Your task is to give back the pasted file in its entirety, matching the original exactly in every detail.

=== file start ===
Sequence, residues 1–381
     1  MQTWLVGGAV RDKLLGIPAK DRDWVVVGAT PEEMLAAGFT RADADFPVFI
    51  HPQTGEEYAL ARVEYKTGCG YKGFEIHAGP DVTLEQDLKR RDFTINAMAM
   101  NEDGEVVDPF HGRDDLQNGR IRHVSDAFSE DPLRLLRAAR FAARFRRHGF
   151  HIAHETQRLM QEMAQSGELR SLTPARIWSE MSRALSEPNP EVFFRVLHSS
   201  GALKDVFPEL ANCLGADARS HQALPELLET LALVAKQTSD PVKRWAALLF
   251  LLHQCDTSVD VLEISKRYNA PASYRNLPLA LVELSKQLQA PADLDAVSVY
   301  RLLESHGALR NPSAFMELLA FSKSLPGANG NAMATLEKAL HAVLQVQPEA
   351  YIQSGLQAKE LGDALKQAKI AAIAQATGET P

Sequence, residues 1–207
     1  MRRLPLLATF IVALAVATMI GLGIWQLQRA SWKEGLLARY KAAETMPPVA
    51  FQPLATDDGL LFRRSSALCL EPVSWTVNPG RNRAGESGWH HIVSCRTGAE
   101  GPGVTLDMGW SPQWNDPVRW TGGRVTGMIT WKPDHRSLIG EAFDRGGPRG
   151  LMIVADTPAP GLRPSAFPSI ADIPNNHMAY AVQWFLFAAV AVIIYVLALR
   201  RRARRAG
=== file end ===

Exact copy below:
Sequence, residues 1–381
     1  MQTWLVGGAV RDKLLGIPAK DRDWVVVGAT PEEMLAAGFT RADADFPVFI
    51  HPQTGEEYAL ARVEYKTGCG YKGFEIHAGP DVTLEQDLKR RDFTINAMAM
   101  NEDGEVVDPF HGRDDLQNGR IRHVSDAFSE DPLRLLRAAR FAARFRRHGF
   151  HIAHETQRLM QEMAQSGELR SLTPARIWSE MSRALSEPNP EVFFRVLHSS
   201  GALKDVFPEL ANCLGADARS HQALPELLET LALVAKQTSD PVKRWAALLF
   251  LLHQCDTSVD VLEISKRYNA PASYRNLPLA LVELSKQLQA PADLDAVSVY
   301  RLLESHGALR NPSAFMELLA FSKSLPGANG NAMATLEKAL HAVLQVQPEA
   351  YIQSGLQAKE LGDALKQAKI AAIAQATGET P

Sequence, residues 1–207
     1  MRRLPLLATF IVALAVATMI GLGIWQLQRA SWKEGLLARY KAAETMPPVA
    51  FQPLATDDGL LFRRSSALCL EPVSWTVNPG RNRAGESGWH HIVSCRTGAE
   101  GPGVTLDMGW SPQWNDPVRW TGGRVTGMIT WKPDHRSLIG EAFDRGGPRG
   151  LMIVADTPAP GLRPSAFPSI ADIPNNHMAY AVQWFLFAAV AVIIYVLALR
   201  RRARRAG